How Hospitals Changed How They Deal with Stillbirth
February 12, 2020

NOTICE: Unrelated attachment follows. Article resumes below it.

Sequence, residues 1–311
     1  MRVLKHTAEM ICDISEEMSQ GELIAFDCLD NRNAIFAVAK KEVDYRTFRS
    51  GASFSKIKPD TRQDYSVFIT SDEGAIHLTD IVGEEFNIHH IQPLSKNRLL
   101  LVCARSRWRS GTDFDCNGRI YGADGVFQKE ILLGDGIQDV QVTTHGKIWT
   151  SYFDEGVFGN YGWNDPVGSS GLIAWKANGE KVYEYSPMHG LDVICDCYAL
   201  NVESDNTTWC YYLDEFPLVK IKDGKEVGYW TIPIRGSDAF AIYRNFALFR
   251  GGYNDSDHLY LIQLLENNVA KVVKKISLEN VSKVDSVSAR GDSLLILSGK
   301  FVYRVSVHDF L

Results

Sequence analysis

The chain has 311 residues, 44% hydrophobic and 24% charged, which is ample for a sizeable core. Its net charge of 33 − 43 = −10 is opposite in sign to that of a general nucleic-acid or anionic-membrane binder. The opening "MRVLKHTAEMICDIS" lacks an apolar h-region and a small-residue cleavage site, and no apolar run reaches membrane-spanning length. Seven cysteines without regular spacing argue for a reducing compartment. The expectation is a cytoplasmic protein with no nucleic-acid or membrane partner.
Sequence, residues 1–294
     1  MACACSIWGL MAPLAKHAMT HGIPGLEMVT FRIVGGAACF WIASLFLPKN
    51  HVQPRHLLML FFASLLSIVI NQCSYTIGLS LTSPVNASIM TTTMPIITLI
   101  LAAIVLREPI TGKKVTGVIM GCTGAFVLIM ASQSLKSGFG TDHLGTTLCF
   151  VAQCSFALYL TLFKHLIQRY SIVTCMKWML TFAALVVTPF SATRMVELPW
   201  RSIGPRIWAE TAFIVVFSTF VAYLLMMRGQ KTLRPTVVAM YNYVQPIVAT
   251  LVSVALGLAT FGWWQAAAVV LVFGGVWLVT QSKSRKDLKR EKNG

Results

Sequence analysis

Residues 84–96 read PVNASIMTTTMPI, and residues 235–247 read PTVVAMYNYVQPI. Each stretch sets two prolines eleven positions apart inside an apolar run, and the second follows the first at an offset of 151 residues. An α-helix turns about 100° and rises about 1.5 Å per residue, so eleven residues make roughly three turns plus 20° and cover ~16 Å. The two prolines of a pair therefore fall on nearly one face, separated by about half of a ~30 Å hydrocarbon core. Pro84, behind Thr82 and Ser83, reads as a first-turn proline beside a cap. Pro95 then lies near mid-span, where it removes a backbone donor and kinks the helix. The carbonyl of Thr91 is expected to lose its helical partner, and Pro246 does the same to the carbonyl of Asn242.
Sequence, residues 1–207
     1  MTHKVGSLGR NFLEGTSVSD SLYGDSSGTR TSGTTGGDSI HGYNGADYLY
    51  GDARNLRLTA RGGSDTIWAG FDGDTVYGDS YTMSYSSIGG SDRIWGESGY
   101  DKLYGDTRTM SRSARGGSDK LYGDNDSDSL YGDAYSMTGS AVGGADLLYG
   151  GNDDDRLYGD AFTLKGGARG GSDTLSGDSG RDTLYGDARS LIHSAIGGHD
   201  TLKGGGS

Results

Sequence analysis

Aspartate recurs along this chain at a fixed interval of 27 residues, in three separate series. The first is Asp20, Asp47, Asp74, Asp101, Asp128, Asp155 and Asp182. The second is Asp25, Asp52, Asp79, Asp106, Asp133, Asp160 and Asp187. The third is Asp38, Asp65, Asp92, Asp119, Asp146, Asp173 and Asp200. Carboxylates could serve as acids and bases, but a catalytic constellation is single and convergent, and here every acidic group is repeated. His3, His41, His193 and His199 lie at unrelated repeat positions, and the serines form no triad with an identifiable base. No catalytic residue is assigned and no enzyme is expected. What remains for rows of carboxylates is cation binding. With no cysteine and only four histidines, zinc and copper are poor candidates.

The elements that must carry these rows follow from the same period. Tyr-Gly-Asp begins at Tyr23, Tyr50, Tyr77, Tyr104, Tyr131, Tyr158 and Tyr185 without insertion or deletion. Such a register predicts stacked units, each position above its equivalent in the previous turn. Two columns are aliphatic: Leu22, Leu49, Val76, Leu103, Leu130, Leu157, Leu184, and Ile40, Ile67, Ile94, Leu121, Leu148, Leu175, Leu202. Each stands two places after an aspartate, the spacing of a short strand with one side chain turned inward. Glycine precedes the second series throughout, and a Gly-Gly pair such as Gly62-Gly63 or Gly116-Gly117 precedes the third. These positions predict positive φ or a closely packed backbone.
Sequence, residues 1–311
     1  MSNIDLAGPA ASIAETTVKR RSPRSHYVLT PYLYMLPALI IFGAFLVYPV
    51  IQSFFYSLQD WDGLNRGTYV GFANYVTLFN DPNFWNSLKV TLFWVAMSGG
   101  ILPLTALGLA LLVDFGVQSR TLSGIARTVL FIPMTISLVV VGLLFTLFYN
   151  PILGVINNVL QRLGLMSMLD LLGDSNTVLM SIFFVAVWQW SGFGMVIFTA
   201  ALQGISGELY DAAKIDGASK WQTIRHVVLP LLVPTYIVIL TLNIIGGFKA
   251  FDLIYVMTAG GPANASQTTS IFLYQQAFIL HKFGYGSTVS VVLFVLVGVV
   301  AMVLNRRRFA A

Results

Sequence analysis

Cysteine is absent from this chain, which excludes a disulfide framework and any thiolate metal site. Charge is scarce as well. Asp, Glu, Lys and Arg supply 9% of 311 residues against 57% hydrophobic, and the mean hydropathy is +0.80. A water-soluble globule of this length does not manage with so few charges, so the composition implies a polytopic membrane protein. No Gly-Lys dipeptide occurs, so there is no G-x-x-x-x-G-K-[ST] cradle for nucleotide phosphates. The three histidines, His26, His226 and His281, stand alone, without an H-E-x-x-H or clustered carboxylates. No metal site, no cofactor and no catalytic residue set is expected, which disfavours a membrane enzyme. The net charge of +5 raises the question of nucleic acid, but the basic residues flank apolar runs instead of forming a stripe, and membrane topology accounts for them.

(The Atlantic) – In those moments with her daughter, it felt like the most natural thing to see her, to hold her, and to take her home. The hospital allowed—even gently encouraged—her to do all that. This would have been unthinkable 30 or 40 years ago, when standard hospital practice was to take stillborn babies away soon after birth. “It was go home and have another and forget about it,” says Dorte Hvidtjørn, a midwife at Aarhus University Hospital. Since then, a complete revolution in thinking about stillbirth has swept through hospitals, as the medical profession began to recognize the importance of the parent-child bond even in mourning. These changes have come to American hospitals, too.